On Sunday my friend Charles and I did a rapid-fire tour of 3 properties in the Pacific Heights / Presidio Heights neighborhoods. I’m going to write about 2980 California Street, because it was the main event of the afternoon. 2980 California Street is a 3,000 square foot Victorian on California Street, listed at $2,499,000, and it’s in BAD shape.
On the one hand single family homes in this neighborhood don’t come up that often and when they do, they’re much more expensive than this. On the other hand this is a serious project. It’s not a home that you could move into and make some small improvements as you go. You would start by ripping out everything – the whole kitchen, every bathroom, every counter, cabinet, carpet, probably all the windows, and then you would need to start knocking down walls and reshaping both the main floor and the upstairs. Given that the home is being sold through an estate sale and the owner had not been residing in the property for a while, there’s a good chance a lot of other things need work too – maybe the foundation, roof, sewer and water lines, etc.
Okay, let’s take a look: (all listing photos here)
What’s the right price given all the work, risk, and uninhabitable time?
My guess is that an investor is going to buy this home – someone who has the expertise to bring it up to move in ready condition and then sell it at its retail price. This process is sometimes called flipping and there is a vibrant community of people around the country who look for these projects – the diamond in the rough that needs $30k of kitchen remodel work to add $60k of resale value. There’s an art to knowing what the home can sell for in its fully finished state and to managing the execution of the project so that it is on time and budget.
The economics for a flipper are roughly – what can I get the home for, how much work do I have to put into it, and what can I sell it for afterwards net of fees. You also have to factor in carrying cost – things like home insurance, property tax, and the cost of short term debt financing.
My guess is that the after repair value (ARV) for this home is around $4m, working up from $1,300 per square foot. A home on a different block in Pacific Heights could command more, but I’m not sure that California Street, with no real yard or view is going to get you there. And as an investor you should be a little conservative on the ARV anyway.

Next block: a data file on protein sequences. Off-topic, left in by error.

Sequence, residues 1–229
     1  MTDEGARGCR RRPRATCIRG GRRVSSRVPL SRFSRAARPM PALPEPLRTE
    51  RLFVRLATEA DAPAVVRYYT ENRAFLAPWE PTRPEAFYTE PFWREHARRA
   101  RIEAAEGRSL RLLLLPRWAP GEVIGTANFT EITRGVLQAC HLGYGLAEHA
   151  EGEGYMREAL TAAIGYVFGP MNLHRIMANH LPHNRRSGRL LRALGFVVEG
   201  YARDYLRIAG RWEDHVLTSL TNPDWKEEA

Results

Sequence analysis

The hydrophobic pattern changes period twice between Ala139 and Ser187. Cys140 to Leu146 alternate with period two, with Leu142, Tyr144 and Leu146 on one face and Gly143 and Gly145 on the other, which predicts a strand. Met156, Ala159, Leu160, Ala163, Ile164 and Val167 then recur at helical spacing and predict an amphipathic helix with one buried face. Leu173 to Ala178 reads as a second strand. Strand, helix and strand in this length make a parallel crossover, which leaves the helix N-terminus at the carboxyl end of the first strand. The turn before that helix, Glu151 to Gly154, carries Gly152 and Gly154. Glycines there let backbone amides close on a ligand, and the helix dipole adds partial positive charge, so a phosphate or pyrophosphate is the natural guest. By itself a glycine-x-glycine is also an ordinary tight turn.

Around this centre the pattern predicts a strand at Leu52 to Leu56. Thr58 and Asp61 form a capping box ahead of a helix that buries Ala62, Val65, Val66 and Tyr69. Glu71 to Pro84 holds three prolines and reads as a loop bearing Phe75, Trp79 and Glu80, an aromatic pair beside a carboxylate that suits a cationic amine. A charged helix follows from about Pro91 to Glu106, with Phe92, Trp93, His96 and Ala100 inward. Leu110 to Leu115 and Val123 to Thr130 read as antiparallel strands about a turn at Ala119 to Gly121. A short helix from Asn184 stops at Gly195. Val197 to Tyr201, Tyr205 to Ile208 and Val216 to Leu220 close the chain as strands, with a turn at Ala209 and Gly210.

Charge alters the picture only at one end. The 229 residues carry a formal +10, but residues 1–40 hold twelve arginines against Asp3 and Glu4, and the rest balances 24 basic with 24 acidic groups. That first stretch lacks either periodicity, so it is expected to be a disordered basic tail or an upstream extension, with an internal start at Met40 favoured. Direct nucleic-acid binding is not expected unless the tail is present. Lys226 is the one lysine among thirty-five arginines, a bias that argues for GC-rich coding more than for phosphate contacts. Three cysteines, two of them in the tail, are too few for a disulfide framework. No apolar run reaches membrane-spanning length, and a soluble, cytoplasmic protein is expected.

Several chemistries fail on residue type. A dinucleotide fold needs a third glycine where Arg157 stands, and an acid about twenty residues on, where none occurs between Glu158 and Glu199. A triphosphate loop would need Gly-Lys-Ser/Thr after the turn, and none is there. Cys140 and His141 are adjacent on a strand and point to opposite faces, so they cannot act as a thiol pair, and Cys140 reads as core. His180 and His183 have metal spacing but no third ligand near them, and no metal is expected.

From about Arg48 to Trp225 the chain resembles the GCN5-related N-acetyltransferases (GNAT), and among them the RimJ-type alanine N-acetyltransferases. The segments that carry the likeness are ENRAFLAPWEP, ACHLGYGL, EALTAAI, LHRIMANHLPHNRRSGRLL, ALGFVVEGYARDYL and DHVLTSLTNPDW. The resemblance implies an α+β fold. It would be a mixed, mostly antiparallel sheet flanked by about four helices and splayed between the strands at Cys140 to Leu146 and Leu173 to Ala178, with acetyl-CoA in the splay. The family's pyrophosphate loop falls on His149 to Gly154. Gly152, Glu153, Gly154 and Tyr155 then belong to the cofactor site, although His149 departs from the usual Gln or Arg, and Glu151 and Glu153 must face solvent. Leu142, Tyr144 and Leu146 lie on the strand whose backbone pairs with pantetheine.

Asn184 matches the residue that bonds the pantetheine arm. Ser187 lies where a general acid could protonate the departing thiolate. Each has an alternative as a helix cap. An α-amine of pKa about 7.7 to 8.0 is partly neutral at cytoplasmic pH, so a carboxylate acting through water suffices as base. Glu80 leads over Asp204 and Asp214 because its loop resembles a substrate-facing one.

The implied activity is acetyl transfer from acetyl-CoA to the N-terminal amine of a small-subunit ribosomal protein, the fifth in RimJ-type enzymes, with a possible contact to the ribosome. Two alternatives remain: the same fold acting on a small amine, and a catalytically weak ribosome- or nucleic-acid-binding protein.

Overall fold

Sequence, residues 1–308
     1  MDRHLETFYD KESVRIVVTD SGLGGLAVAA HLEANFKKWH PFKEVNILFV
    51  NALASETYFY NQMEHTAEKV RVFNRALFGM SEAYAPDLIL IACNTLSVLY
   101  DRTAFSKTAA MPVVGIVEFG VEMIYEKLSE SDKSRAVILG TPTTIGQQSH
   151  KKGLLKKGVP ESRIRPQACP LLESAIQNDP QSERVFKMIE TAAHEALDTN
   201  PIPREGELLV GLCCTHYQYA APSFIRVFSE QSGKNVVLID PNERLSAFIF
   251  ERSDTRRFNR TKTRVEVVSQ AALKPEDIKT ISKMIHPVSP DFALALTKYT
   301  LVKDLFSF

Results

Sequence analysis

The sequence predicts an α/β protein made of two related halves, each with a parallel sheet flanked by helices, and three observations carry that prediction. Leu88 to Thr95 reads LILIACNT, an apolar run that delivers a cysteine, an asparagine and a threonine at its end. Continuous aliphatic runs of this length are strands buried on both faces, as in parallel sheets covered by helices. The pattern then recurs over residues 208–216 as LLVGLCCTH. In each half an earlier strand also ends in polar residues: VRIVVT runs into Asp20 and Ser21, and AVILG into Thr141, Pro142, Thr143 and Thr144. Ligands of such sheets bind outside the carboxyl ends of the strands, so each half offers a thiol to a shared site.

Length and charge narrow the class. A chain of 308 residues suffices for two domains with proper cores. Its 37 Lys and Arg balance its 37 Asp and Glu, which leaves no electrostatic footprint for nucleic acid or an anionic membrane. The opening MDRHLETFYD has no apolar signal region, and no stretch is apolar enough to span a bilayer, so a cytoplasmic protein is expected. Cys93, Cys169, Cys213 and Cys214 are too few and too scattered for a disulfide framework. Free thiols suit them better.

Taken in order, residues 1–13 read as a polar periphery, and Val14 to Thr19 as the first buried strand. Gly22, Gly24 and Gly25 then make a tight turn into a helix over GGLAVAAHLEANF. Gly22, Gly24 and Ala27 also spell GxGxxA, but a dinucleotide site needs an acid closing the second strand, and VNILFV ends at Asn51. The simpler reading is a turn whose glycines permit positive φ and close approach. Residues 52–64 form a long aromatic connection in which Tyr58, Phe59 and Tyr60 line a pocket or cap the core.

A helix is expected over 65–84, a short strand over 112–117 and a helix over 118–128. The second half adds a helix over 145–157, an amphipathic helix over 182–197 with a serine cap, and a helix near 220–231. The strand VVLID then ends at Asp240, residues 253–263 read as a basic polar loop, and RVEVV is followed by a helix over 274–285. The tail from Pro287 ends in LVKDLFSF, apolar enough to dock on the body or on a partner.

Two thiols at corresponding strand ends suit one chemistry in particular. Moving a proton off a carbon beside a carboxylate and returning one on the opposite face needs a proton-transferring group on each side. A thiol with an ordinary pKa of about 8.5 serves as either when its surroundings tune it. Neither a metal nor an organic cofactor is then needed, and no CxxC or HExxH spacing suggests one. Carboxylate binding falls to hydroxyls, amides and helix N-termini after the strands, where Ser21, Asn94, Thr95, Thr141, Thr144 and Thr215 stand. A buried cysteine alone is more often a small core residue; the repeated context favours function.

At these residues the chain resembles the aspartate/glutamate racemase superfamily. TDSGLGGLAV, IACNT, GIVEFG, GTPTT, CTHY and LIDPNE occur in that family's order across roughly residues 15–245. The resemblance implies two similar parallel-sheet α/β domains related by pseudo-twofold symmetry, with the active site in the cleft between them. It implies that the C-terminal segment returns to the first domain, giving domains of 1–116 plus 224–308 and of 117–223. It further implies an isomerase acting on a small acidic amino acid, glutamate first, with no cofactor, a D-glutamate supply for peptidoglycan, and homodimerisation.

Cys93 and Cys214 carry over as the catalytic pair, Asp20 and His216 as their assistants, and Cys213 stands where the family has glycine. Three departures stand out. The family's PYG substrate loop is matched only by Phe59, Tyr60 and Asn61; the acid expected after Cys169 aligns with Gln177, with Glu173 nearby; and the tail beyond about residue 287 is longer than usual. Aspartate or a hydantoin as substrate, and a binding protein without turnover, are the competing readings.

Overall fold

I don’t have the experience to estimate the cost of doing a full remodel, but there are some sites – BiggerPockets is one of them – that are great resources for people who are getting into this industry. A forum post from a few years ago touched on the ballpark gut remodel price tag for San Francisco and the general consensus from that thread was around $250 / square foot. At 3,000 square feet that’s $750,000 to gut remodel this home. A few people at the open home on Sunday guessed closer to $1m or more – so $750,000 is probably a low estimate.
The main source of the carry cost on this project is going to be the debt service on an interest only loan. Assuming the $2.5m asking price is in the ballpark where the math works out, you need $3.25m to do this project ($2.5m + $750k). Some firms will lend up to 90% of the total cost, but let’s use 80% to be more conservative. 80% of $3.25m is $2.65m. If you manage to get a loan at 10% with 1 origination point (and estimate the project will take a year) you’ll be paying $26,500 (1 origination point = 1 percent of the loan amount, paid up front) and $265,000 in interest. You’ll also pay one year of property tax at ~1%, for another $25,000. We’ll ignore some of the smaller line items but that’s $316,000.
When you list the home, even if you list it yourself, you will probably be paying a 2% buyers commission against the target $4m sale price, or another $80,000. Add this to your carrying cost and you’re looking at ~$400,000 in non-project costs.
$2.5m + $750k + $400k = $3.65m. Against a target $4m sale, this is probably not a margin on a complex, high risk, year long project that is going to get a lot of investors out of bed. Especially since the project estimate might be low and you might think the worst case sale price is closer to $3.5m.
As such, I think this home needs a couple hundred thousand dollar haircut to find a buyer and I estimate a final sale price of $2,100,000.
As always let’s see what happens! If you have a different estimate on the after repair value (i.e. what a fantastic version of this home sells for in a year) – please drop it in the comments. Is $4m low or high? Also for those of you who know more about home flipping economics, please let me know where I might have gotten the back of the envelope math wrong.
Final amusing note – Redfin estimates the sale price at $2,744,668 which is both very precise and very high. This home highlights one (understandable) limitation of their model and it makes me continue to feel strongly that you could build a better estimator by being able to augment the formula with a few human inputs.